Franchot Chides O'Malley On Slots
Maryland Comptroller Peter Franchot (D) blasted Gov. Martin O'Malley (D) this morning for making his proposals to expand health care access and hold down college tuition contingent on passage of a referendum legalizing slot-machine gambling.
"It seems as though everything under the sun is being linked to slots," Franchot told reporters. "It just seems we're more interested in lining the pockets of the national gambling industry than fixing the structural deficit."
Franchot's comments came at the outset of day three of a special session called by O'Malley to close a $1.7 billion budget shortfall. O'Malley has proposed a slots plan that would eventually yield $700 million a year for the state.
The governor's aides yesterday detailed plans to legislators to make several proposals contingent on passage of a slots referendum in 2008.
If the ballot measure fails, O'Malley would shelve his plan to roll back the state property tax rate from 11.2 cents to 8.2 cents per $100 in assessed value. About $300 million a year in dedicated school construction funding would not materialize. Nor would $60 million a year in dedicated funding to universities that could be used to hold down tuition costs.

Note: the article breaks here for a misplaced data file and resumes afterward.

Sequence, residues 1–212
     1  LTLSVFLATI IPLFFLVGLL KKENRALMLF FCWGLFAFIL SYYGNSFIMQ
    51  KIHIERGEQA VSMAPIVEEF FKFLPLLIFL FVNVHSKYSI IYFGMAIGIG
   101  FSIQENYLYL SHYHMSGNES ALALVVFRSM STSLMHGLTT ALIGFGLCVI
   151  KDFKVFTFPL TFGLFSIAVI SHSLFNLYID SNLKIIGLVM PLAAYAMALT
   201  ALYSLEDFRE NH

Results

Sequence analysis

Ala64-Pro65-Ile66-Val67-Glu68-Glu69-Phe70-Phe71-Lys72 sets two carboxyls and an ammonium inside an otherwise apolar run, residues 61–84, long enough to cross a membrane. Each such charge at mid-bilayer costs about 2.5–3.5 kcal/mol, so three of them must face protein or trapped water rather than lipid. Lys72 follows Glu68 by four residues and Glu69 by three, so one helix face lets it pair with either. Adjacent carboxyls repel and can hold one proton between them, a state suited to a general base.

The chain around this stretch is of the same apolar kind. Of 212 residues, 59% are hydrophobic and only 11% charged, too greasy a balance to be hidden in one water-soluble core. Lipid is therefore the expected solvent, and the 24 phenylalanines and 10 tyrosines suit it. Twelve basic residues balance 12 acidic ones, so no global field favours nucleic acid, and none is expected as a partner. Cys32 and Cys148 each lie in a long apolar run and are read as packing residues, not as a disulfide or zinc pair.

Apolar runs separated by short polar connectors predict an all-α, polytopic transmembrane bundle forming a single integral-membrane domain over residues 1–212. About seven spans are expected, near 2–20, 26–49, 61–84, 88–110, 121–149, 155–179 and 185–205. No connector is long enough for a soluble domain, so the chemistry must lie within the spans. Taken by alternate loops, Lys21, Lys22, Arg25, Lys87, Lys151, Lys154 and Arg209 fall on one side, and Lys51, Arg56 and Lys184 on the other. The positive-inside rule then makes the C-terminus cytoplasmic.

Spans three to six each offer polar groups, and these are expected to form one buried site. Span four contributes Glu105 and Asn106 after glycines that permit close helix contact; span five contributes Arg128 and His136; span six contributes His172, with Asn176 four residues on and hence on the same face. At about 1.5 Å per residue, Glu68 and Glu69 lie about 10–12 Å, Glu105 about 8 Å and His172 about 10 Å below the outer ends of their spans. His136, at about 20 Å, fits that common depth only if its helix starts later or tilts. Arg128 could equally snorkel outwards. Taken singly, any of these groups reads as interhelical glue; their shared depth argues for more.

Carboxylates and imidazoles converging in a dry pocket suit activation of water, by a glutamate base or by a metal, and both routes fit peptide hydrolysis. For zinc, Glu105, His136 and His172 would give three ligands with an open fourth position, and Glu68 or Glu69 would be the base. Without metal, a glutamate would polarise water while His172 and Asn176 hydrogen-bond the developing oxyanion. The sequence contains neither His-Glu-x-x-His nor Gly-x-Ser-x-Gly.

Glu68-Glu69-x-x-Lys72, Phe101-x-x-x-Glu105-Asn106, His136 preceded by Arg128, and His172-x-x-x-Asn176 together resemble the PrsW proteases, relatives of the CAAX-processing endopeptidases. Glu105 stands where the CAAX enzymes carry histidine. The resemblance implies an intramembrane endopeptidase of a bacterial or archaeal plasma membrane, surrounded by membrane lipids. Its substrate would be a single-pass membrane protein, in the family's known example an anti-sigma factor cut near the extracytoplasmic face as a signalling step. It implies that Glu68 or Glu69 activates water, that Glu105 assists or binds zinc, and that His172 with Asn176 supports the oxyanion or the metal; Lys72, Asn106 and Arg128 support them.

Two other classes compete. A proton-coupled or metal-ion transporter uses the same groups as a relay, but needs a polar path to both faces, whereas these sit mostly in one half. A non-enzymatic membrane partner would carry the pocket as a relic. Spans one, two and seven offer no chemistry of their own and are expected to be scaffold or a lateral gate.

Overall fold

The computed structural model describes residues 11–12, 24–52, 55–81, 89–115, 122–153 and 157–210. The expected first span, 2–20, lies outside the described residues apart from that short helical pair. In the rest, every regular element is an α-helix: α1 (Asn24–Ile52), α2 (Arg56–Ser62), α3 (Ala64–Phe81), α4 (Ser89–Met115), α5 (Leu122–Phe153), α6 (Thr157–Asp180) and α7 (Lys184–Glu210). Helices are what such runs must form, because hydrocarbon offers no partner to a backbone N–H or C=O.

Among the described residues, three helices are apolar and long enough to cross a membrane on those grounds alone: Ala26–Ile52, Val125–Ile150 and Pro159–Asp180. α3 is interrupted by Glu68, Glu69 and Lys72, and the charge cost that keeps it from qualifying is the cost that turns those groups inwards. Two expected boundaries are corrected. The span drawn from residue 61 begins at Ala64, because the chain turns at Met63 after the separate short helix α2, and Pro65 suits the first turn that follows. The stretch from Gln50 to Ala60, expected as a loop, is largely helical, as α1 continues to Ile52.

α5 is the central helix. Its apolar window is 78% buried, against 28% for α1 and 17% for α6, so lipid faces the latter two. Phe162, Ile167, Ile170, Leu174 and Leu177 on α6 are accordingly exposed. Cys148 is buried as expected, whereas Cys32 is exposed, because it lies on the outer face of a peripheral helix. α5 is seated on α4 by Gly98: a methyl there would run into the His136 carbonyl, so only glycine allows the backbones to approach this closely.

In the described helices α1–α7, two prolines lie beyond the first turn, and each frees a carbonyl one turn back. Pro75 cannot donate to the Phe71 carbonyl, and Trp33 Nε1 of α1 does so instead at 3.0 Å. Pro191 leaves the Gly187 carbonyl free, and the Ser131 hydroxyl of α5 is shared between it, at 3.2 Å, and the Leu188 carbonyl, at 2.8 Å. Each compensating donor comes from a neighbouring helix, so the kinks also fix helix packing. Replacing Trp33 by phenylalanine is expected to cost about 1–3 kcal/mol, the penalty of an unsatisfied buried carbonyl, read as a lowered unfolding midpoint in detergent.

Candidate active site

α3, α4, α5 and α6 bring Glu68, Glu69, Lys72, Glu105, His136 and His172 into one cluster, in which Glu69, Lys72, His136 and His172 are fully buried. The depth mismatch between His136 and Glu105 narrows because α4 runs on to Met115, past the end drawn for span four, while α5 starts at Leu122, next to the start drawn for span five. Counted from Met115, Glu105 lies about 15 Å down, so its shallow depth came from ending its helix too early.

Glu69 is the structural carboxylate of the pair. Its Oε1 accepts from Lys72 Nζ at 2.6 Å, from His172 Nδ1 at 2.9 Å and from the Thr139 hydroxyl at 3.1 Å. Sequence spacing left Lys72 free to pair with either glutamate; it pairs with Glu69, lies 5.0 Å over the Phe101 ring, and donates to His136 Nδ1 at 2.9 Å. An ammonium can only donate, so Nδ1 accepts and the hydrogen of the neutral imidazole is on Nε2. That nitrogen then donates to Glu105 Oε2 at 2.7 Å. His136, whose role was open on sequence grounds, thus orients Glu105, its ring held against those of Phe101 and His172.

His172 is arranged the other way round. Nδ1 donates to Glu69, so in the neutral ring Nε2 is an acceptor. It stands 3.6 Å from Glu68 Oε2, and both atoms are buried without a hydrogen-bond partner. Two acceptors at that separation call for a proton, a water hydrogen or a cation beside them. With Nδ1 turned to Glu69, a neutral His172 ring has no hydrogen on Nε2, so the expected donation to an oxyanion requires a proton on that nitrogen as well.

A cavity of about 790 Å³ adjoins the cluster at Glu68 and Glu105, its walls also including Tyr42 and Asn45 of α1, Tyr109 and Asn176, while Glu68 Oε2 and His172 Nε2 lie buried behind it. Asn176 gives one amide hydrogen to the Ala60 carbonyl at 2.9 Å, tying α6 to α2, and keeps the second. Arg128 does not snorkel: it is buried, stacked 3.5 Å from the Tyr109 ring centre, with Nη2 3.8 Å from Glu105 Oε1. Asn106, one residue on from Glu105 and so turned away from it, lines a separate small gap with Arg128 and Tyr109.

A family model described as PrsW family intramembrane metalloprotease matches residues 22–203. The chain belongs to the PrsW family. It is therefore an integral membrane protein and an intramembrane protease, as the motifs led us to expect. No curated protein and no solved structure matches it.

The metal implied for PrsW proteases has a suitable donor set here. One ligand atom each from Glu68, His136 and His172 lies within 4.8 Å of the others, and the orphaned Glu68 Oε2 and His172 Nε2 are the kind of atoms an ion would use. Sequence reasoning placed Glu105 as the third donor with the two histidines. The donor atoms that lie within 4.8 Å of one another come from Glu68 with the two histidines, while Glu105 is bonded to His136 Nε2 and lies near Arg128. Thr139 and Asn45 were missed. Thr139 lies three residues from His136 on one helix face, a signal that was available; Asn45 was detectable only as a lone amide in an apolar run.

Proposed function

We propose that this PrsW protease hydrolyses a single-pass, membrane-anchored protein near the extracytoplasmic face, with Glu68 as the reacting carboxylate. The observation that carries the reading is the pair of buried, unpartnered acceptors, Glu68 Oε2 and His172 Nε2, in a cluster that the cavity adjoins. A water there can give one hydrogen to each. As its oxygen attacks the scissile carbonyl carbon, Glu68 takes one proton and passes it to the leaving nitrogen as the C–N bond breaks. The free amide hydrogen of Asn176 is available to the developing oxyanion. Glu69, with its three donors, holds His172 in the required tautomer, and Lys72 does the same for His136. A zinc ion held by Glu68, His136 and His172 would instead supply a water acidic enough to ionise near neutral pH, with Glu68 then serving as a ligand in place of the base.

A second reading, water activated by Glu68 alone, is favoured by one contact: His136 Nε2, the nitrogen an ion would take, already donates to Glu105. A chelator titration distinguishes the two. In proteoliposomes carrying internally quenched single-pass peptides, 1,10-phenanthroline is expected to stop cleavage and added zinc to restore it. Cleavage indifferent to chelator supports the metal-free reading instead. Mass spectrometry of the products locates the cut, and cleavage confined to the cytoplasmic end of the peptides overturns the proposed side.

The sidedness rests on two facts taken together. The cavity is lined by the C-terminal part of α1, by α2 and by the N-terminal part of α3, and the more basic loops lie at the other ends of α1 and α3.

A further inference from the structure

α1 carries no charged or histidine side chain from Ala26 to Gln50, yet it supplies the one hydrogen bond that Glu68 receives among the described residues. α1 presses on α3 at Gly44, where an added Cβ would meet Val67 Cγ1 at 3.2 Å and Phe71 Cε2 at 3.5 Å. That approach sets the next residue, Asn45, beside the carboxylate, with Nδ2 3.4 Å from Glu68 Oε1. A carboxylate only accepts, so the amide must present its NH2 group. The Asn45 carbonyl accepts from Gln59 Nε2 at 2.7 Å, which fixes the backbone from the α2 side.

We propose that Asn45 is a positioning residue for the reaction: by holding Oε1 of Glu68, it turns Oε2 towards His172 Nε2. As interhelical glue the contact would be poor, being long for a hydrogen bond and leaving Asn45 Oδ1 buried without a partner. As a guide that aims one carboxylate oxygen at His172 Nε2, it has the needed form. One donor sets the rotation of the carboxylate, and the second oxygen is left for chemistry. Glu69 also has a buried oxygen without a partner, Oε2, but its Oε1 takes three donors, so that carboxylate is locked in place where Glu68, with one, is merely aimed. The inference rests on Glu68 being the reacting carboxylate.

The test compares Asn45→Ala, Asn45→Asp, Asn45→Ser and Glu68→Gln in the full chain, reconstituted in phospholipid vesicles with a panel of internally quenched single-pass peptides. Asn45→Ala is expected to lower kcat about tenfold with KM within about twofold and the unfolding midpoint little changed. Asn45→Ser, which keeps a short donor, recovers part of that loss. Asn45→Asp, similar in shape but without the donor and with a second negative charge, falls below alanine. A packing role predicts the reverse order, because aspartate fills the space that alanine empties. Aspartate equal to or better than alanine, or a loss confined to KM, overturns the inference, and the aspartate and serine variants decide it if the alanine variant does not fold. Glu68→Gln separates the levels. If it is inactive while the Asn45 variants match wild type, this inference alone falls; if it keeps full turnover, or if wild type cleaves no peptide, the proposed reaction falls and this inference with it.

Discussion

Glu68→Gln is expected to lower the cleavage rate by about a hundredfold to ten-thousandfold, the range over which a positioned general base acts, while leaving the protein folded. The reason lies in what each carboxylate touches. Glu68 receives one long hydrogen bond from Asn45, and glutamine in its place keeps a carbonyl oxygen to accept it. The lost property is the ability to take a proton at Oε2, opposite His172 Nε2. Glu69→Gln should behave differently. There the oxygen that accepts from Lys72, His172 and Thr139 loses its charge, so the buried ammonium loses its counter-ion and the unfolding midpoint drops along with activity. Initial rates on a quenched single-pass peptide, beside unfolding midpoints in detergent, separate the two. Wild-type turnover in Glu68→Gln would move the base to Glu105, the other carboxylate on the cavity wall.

O'Malley's proposal to expand access to health care would help fewer people, becoming a $100 million-a-year initiative rather than a $250 million-a-year initiative once fully phased in.
O'Malley said yesterday that he wants to avoid "the same trap" of past legislative sessions: increasing spending and cutting taxes without sufficient revenue to pay for it.
Franchot, a former delegate, also renewed questions today about the widsom of holding a special session, calling it a "bad idea" and suggesting lawmakers defer action on most issues until their regular session that starts in January.
"We're having a mini-regular session now in a highly charged atmosphere," he said.
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